Personnel in the South Sudan People's Defence Forces, formerly named the Sudan People's Liberation Army, take part in a drill at their barracks south of Juba, South Sudan, on April 26. (Alex McBride/AFP/Getty Images)

Former U.S. Diplomats Lobby to Stop South Sudan War Crimes Court

The move sparked anger among experts, who see the court as critical to peace.

South Sudanese anti-government forces display ammunition which they say was confiscated from government forces during fighting in September, in Panyume, South Sudan. (Sumy Sadurni/AFP/Getty Images)

How European and Chinese Arms Diverted to South Sudan Fueled Its Civil War

A new study, four years in the making, details the secret global supply chain sidestepping international arms embargoes on South Sudan.

Boys in their senior year at the Protection of Civilians Camp 3 study after class in Juba, South Sudan, on March 23. (Alex Potter for Foreign Policy)

For South Sudan, It’s Not So Easy to Declare Independence From Arabic

When the world’s newest country broke away from Khartoum, it discarded Sudan’s main official language, too. But casting aside the oppressor’s tongue did not heal the country’s divisions.

Sri Lanka’s newly appointed prime minister, Mahinda Rajapaksa (center), signs a document during a ceremony to assume duties at the prime minister’s office in Colombo on Oct. 29. (Ishara S. Kodikara/AFP/Getty Images)

Halfway Isn’t Good Enough on Human Rights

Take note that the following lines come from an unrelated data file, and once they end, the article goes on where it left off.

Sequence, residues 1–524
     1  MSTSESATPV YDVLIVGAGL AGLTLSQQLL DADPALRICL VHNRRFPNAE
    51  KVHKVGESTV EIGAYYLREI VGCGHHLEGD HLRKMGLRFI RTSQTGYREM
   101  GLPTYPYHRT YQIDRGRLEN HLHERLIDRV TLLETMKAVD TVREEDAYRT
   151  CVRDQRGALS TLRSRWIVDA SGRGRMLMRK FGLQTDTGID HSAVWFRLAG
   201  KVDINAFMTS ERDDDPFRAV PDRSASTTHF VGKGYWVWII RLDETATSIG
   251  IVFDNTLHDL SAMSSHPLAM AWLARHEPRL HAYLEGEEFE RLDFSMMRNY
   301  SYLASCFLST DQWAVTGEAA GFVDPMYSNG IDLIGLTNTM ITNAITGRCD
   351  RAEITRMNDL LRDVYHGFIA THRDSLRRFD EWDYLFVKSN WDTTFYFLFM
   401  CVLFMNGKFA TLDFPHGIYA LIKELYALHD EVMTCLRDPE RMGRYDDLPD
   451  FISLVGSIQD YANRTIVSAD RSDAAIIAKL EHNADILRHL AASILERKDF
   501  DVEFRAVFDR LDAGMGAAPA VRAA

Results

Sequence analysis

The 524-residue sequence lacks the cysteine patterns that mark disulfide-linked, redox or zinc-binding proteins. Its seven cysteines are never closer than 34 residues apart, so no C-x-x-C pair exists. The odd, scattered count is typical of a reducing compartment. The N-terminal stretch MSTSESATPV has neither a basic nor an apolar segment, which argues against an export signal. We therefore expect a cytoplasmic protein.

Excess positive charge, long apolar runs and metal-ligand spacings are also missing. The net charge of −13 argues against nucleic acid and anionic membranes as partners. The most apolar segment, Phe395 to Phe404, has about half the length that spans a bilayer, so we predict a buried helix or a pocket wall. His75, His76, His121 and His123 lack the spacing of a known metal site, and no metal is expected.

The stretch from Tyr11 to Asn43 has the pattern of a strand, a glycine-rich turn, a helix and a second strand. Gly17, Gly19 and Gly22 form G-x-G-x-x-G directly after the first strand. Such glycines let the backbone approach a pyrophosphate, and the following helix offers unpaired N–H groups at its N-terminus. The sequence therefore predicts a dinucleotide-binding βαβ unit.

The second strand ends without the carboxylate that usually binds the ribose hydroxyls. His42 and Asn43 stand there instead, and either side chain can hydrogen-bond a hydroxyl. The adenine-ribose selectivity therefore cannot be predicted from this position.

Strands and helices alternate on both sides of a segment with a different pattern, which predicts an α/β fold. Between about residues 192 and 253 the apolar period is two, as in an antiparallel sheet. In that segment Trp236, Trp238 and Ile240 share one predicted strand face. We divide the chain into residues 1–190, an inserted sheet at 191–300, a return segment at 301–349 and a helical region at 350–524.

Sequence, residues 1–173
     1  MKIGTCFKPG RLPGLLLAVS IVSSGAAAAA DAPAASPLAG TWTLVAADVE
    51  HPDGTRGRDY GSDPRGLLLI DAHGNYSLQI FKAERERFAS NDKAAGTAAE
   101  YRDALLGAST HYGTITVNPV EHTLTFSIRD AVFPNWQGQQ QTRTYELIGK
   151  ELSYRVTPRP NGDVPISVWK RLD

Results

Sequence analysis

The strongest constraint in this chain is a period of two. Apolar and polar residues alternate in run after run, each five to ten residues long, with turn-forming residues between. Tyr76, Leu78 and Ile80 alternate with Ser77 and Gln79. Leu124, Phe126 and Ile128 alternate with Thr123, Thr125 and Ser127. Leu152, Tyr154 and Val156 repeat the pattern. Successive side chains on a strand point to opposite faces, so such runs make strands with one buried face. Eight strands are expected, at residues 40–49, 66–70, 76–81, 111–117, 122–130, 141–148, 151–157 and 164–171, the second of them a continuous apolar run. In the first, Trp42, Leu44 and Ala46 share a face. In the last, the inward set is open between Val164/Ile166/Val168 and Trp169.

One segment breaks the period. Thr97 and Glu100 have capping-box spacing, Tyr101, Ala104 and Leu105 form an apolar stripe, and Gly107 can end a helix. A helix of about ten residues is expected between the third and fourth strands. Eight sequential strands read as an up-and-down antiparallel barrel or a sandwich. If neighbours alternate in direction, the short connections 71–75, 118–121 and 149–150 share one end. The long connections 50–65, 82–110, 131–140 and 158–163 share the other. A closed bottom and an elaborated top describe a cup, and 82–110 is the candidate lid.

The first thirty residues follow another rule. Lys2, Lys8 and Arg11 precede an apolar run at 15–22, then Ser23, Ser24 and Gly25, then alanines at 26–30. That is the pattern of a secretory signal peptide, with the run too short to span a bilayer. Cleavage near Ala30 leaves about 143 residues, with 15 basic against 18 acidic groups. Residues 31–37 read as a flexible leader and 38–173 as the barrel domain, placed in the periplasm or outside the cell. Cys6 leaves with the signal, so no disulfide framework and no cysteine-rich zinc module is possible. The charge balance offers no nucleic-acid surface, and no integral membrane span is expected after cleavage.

Myanmar and Sri Lanka were praised for minimal progress. Now it’s all falling apart.

South Sudanese await the arrival of South Sudan's president, Salva Kiir, in Juba after peace talks in Ethiopia on June 22. (Akuot Chol/AFP/Getty Images)

Remember South Sudan? Washington Would Prefer Not to

Its freedom fighters have turned into brutal oppressors, and it is near to becoming another failed state, despondent U.S. supporters say.

Family members shout slogans as they wait outside the Kobar prison in north Khartoum to welcome their loved ones after Sudan released dozens of opposition activists Feb. 18 who were arrested in January when authorities cracked down on protests against rising food prices. (Ebrahim Hamid/AFP/Getty Images)

Sanctions Against Sudan Didn’t Harm an Oppressive Government — They Helped It

The end of economic isolation hasn’t brought a financial windfall or more freedom. Instead, the regime is as strong as ever while ordinary people suffer.

An Ethiopian U.N. peacekeeper patrols the Amiet Market in Abyei. The market has become the largest trading hub in the region and a symbol of peace between the Misseriya nomads from Sudan and the Ngok Dinka from South Sudan. Local leaders use the market to resolve issues of conflict and are working together to bring stability to the area, which has been contested for more than ten years.

Conflict in Abyei Could Reignite South Sudan’s Civil War

If the U.N. withdraws peacekeepers from a long-contested oil-rich enclave, it's likely to spark further fighting in an already unstable region.

Nikki Haley, the U.S. ambassador to the U.N., tours a U.S.-funded supermarket in the Zaatari refugee camp in Jordan on May 21, 2017.  (Raad Adayleh/AFP/Getty Images)

Haley: Vote With U.S. at U.N. or We’ll Cut Your Aid

In a proposed aid overhaul, Nikki Haley embraces an “America first” foreign policy.